The government has indicated that its approach to national reconciliation will lie through economic development which requires both political stability and assurance that those who invest will be protected by the law. Apart from the reconciliation mechanisms set up by the previous government, the Ministry of Justice will be responsible for overlooking the Attorney General’s Department and other institutions which play key roles in ensuring the rule of law. Ensuring a balance between the imperatives of justice, rule of law and national reconciliation are the prerequisites for economic development if Sri Lanka is to live up to its potential in a way that it never did in the past.
The care of good dentists
I experienced an agonizing toothache for the first time in my right-hand upper jaw. On bringing it under control with native medicines, a couple of colleagues at my work place stressed me to see a dentist who could prevent any recurrence, and recommended a highly proficient doctor by the name Rini Mathew attached to a popular medical centre in Riyadh. After nearly five-days-wait I was successful in getting an appointment to consult her.
This highly pleasant lady doctor from Kerala, India, after seeing the set of teeth in my right-hand upper jaw recommended for a root canaling and requested to return in two-weeks-time. Having not undergone any sort of surgery in my whole life, I was a little confused as to what to expect. As I arrived prepared for the repair work on my teeth, the good lady told me to my pleasant surprise that I don’t need any further treatment for the moment and if I get the toothache back again to come and see her. I thanked God and praised her for her being frank and honest.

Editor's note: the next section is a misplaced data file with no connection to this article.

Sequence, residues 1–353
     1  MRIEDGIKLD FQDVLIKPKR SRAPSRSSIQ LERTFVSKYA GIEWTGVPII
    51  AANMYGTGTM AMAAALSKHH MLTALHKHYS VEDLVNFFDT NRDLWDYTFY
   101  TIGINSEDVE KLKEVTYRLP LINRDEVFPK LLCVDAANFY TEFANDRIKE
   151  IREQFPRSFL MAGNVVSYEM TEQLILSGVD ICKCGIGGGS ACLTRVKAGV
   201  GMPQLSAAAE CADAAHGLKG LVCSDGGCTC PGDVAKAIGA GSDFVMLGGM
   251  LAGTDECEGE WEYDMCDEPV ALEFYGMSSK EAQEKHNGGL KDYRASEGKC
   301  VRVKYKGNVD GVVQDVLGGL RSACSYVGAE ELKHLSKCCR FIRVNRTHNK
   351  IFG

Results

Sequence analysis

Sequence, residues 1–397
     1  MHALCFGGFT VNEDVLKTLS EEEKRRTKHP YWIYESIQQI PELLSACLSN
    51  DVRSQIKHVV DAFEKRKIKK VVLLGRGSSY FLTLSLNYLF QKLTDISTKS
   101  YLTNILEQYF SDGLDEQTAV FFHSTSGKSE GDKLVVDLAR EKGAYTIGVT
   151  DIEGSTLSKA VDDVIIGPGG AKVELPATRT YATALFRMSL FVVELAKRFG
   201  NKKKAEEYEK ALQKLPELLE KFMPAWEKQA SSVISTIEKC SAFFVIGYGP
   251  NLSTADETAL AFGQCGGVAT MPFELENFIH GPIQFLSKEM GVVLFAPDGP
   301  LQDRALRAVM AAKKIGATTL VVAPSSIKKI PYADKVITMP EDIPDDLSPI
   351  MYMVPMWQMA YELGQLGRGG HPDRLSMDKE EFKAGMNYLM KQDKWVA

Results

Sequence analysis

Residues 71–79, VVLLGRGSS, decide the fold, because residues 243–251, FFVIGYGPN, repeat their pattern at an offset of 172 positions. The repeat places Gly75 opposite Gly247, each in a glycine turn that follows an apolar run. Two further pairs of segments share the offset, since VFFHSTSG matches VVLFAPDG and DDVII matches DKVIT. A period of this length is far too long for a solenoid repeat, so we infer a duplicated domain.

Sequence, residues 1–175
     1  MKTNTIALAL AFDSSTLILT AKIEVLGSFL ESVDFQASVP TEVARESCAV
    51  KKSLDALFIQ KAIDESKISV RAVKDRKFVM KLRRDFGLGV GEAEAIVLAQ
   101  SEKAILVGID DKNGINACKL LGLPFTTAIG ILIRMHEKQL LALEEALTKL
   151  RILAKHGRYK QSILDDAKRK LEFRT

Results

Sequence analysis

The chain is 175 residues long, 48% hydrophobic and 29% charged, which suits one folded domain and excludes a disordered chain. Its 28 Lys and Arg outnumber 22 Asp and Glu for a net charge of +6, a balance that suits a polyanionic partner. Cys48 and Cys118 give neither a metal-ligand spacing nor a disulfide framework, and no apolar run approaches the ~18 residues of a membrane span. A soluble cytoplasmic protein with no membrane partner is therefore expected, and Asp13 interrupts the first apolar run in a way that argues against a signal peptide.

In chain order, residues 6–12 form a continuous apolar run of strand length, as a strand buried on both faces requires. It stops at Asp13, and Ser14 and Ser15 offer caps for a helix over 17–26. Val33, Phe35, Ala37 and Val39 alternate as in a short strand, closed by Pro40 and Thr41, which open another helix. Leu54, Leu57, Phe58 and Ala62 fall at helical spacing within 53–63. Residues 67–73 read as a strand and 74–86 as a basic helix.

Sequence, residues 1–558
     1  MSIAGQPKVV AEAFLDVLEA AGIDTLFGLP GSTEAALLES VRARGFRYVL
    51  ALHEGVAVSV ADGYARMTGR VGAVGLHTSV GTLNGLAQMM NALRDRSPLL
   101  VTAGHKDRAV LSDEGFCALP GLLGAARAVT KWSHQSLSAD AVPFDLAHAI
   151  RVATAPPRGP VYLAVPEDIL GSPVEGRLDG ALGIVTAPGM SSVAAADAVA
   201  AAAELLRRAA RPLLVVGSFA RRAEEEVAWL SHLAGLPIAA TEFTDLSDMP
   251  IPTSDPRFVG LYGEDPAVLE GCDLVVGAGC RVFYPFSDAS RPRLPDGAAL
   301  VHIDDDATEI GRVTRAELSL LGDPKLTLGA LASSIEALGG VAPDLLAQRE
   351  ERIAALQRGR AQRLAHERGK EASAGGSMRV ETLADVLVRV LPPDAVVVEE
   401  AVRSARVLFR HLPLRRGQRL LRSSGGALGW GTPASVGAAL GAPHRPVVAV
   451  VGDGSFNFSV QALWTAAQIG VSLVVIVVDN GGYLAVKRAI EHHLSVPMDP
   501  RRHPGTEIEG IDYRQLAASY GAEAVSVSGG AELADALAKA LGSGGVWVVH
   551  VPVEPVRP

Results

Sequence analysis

The history of dentistry records Hesy-Re, an Egyptian scribe, who lived around 2600 BC is recognized as the first dental practitioner. In ancient Greece, Hippocrates and Aristotle wrote about dentistry, specifically about treating decaying teeth, but it wasn’t until 1530 that the first book entirely devoted to dentistry – The Little Medicinal Book for all kinds of diseases and infirmities of the Teeth – was published.
You don’t want to feel like just another item on your dentist’s to-do list. The best dentists, like whom I consulted, have a way of letting their patients know they care about them personally. They are interested in their patient’s lives and are eager to become a part of their general care team. The best dentist always gives you the care that you deserve.
S. H. MOULANA
The Age of Animal Ministries
The call by the government’s backbench MP Mr. Dilan Perera to be made the Rilav/Vanduru Amathi, or the Minister for Monkeys, in the Pohottuva Realm, certainly leads to plenty of interest.
This must do with the various divisions and breakup tasks that have been given to both Cabinet and State Ministers, in the current play of governance, by the Gotabaya strategies.